So, I was elated when the Good Friday Agreement was signed, and I can still remember the photo of the Chuckle Brothers: Ian Paisley (DUP) and Martin McGuiness (Sinn Fein), (see in the article below)

Not only is the DUP now threatening the UK that they may only support Theresa May’s EU Deal if they are doled out more cash, they are, in practice at least, threatening the Good Friday Agreement itself.

For a more substantive argument than mine on the DUP’s intransigence see Patrick Cockburn’s article in today’s Independent.

https://www.independent.co.uk/news/long_reads/brexit-latest-northern-ireland-backstop-vote-a8822836.html

Incidentally while Tony Blair has been much criticized since leaving office, he did, as Cockburn’s article states. reach agreement with Southern Irelands Prime Minister on the Good Friday Agreement.

March 5, 2019

Frank Field – Independent Labour MP for Birkenhead

Filed under: Birkenhead, Brexit, Frank Field, Left Politics, Personal, War — derryvickers @ 9:04 pm

I was born in Birkenhead, well the posh part to the south, Bebington, not that that was that posh as it was just half a mile from Port Sunlight, the soap factory of Lever Brothers where just before going to Liverpool University I did a vac job for 2 months.

But back to Birkenhead, Field was after my time; after graduating I headed south wanting to go to Singapore with the IGY. No such luck, I joined the Scientific Civil Service near Windsor and moved into computing and spent my working life in many aspects of the subject. I am not complaining, computing was new and exciting in those days.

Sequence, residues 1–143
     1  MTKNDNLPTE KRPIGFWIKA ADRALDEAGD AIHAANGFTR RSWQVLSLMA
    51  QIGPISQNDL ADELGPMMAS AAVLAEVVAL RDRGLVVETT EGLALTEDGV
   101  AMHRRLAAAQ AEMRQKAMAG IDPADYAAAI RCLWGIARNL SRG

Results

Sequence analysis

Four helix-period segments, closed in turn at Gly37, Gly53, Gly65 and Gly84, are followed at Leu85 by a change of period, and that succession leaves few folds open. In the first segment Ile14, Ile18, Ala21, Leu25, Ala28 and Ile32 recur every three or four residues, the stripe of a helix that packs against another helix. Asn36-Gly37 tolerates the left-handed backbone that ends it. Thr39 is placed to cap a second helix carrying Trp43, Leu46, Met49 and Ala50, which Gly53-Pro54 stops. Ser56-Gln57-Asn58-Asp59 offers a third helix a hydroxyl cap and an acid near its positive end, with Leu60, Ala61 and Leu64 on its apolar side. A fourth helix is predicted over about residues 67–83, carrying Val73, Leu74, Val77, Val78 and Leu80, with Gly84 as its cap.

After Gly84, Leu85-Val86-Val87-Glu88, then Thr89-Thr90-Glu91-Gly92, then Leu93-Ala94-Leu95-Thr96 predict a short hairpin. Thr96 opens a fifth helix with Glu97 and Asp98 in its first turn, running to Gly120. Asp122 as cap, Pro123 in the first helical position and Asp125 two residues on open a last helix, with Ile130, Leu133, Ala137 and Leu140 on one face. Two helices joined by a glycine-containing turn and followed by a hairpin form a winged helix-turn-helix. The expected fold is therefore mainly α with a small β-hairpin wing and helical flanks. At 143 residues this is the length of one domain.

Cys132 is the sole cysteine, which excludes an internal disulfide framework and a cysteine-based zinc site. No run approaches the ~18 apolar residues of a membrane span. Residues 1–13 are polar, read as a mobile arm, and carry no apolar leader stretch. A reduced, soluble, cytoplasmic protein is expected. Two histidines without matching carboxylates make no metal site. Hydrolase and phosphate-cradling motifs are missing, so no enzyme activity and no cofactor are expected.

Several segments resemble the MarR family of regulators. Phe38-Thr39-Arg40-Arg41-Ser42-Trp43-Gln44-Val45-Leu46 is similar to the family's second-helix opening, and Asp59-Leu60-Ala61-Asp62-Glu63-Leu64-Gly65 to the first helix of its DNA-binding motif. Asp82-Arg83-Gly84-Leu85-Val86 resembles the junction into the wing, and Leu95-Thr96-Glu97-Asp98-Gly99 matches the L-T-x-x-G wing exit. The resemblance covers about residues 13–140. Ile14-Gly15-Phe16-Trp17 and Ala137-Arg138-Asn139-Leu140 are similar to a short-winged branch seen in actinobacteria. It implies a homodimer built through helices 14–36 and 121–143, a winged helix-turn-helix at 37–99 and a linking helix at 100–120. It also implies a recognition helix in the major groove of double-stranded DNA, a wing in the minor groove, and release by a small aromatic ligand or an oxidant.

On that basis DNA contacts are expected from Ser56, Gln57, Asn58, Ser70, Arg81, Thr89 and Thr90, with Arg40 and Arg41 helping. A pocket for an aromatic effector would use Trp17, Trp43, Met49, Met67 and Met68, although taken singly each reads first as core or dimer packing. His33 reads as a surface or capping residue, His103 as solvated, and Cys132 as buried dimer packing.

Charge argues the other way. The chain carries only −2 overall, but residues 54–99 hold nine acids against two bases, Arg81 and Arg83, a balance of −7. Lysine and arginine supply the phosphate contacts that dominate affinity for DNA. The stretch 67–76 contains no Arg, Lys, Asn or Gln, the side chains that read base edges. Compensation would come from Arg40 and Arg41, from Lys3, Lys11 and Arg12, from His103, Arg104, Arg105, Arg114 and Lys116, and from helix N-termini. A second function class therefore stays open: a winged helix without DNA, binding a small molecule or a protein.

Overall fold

But again, back to Birkenhead, I can still remember cycling around Birkenhead Docks; there were docks in Birkenhead then for cargo ships that overflowed from Liverpool on the opposite side of the Mersey. The docks were exciting places to cycle around with ships from all over the world. But many’s the time I got my front tyre stuck in the embedded dockside railway lines and fell off.

It also built ships at Cammell Laird’s; I watched the launch of the aircraft carrier Ark Royal

You can get an overview of Birkenhead at wiki

https://en.wikipedia.org/wiki/Birkenhead.

Everyone worked in Liverpool, a ferry boat away, or you could risk your life cycling through the Mersey Tunnel; fine going down to the middle but hell cycling up the other side with lorries trying to inch past you; I did it for a year but after that got the ferry and the tram. I did well predate the Beetles

All that’s by the way, although I have seldom been back I still feel an attachment to Birkenhead and I am proud of Frank Field and independent Labour soul who chairs the the Work and Pensions Select Committee.

He is quoted “In December 2017, during a debate on Universal Credit, Field described the impact that Universal Credit changes had had on his constituents. His observations moved Work and Pensions Select Committee member Heidi Allen to tears”.

He is an avid supporter of Climate Protection and features the protection of rain forests; all excellent, but I cannot agree with his attitude to Brexit even though I can see where he is coming from.

But you might like a piece in today’s “I” on “Ending benefits freeze to ease poverty”.

You may admire a new sculpture in Birkenhead Part of the exhausted solder in remembrance of WW1.

February 13, 2019

Babel – a piece by the Venezuelan Pianist and Composer Gabriela Montero

Filed under: Music, Politics, War — derryvickers @ 9:29 pm

 Babel

 We have just been to a concert given by the Scottish string orchestra, the Scottish Ensemble.